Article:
As we’ve been working through the central argument of chapter 1 of Bernard Suit’s The Grasshopper: Games, Life and Utopia, it would seem we have actually encountered two different points:
1. The end of work is to not work (to stop working)
We work because we are prudent; we recognize that we have needs and that work is the only way we can meet those needs. But prudence requires us not to waste things that are valuable. If your time, energy, and resources are limited, it would be prudent to preserve them.
So, consider method A and method B of doing your work. Imagine that both methods will meet your needs equally, and are equally ethical. However, imagine that method B requires less of your time and energy, and fewer of your resources. If you go with method A instead, you will have less time, energy, and resources left over to meet future needs. You will have acted wastefully.
No prudent person, therefore, would choose a less efficient method of completing their work over a more efficient method (assuming the two methods are otherwise equal). And if a third, more efficient method arises, they will adopt that third method in turn.
So, consider the ultimate result of efficiency-prefering prudence. The “limit” it “approaches” as it seeks less and less wasteful ways of working, is . . . doing no work at all. As it tries to spend less and less time and energy, consuming fewer and fewer resources, prudence “tends toward” spending no time, energy, or resources at all.
That is, the goal of work (it’s “end”) is not to work at all. That most of us never get there is irrelevant; it is destination toward which prudence directs us.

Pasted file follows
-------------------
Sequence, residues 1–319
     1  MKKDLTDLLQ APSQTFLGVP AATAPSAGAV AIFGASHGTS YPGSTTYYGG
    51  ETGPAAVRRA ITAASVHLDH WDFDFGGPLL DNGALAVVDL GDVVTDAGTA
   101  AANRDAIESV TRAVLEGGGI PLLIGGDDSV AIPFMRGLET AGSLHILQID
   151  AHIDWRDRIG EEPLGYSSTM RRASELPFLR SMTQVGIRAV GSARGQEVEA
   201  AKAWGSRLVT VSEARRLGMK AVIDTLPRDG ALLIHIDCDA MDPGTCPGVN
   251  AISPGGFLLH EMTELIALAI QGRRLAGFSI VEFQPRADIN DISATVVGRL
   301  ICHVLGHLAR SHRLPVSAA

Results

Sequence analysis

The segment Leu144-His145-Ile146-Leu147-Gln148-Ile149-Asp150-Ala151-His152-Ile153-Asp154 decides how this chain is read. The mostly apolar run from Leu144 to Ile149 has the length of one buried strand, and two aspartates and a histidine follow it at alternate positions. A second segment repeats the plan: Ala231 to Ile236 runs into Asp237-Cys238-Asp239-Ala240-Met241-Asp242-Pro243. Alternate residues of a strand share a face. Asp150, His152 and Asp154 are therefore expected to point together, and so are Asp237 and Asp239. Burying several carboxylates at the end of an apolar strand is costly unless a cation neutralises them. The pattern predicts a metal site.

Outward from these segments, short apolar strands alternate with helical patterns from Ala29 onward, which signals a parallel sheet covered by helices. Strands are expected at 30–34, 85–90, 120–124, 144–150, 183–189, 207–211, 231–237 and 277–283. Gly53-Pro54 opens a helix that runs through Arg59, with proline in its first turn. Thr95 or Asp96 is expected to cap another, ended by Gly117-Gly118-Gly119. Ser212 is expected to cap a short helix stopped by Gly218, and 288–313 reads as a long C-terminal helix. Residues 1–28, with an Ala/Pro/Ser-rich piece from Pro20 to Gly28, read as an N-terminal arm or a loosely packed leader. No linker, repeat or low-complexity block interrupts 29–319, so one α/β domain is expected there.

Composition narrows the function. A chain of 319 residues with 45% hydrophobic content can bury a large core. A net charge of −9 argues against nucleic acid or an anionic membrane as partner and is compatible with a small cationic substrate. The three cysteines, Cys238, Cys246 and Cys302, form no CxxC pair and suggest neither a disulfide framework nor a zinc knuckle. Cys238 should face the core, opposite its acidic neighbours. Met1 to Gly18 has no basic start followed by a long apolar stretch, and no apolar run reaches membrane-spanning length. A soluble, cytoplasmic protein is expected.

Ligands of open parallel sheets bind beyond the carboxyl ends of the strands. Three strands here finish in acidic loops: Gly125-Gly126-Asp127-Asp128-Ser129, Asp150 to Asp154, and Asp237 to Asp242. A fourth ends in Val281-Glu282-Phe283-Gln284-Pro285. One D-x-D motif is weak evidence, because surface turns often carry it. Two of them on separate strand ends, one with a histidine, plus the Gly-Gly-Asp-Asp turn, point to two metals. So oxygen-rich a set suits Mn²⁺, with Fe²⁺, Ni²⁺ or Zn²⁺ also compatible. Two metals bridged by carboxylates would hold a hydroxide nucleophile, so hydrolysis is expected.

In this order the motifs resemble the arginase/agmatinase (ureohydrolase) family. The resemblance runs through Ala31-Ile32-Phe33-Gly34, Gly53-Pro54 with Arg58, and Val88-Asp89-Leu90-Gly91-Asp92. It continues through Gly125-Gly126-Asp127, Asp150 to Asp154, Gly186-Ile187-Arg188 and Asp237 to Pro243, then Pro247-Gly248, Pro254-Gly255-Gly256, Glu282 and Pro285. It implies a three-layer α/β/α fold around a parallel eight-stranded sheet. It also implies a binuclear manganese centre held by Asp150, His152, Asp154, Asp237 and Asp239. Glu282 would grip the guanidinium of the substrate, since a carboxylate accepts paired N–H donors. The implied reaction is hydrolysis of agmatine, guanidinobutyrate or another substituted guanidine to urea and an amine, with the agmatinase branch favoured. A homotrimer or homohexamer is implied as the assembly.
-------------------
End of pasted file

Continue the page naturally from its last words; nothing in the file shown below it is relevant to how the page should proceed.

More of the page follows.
2. The end of work is not to work (is something other than work)
There is a second sense of “end” in philosophical discussions, however (see Francis Slade, “On the Ontological Priority of Ends and Its Relevance in the Narrative Arts,” in Alice Ramos, ed., Beauty, Art, and the Polis [American Maritain Association, 2000]). In addition to the fact that the destination toward which work aims is its own termination, there is the fact that the purpose or point of work — its “justification,” in the Grasshopper’s words — is something other than itself.
Consider: work is only good, important, or worthwhile because (a) humans have needs, (b) it is important to fill those needs, and (c) work is the only way that most of us can meet those needs (at least currently). But that means that work only matters because meeting our needs matters.
Contrast this sort of “extrinsic” value with intrinsic value. Instead of deriving its value from something else — because it is useful for getting or achieving something else — a thing with intrinsic value is good, important, or worthwhile all by itself.
Money, for example, has extrinsic value. You only want it because you can use it to get ice cream. We treat ice cream, in contrast, as if it had intrinsic value. You don’t eat ice cream in order to gain weight, or attract partners, or win competitions, or make your enemies jealous. You eat ice cream because eating ice cream is awesome, in and of itself.
Two Points in One
It seems to me, therefore, that the Grasshopper has been making two different points: (1) that the goal of work is to not work, and (2) that the value of work derives from something beyond work. But if that is true, why does Suits write as if the Grasshopper has been making a single argument?
I think the word “leisure” (Suits, The Grasshopper, ch. 1, p.8) helps here. In English, “leisure time” refers to a period in which you have no obligations — especially no obligation to work. Similarly, “leisure activities” refers to the sorts of thing that are typical of how people spend their leisure time: rest and recreation (both in the sense of fun or play, and in the sense of creativity).
Insofar as leisure means the absence of work, therefore, the goal of work is leisure. But the value or work derives from the value of leisure activities. That is, importance of work is that it enables us to engage in things that have intrinsic value — the sorts of things that you can do when you aren’t working.
“But what if you enjoy your work?” you might ask. That is, what if you find your work meaningful, worth doing in and of itself?
If that is the case for you, then you surely know how lucky you are. That is not, I expect, how 99.9% of people have experienced work. And thus, that is not what people normally mean when they talk about “work.”
But you’re right to request nuance. And that is what we will see one of the Grasshopper’s disciples do next time.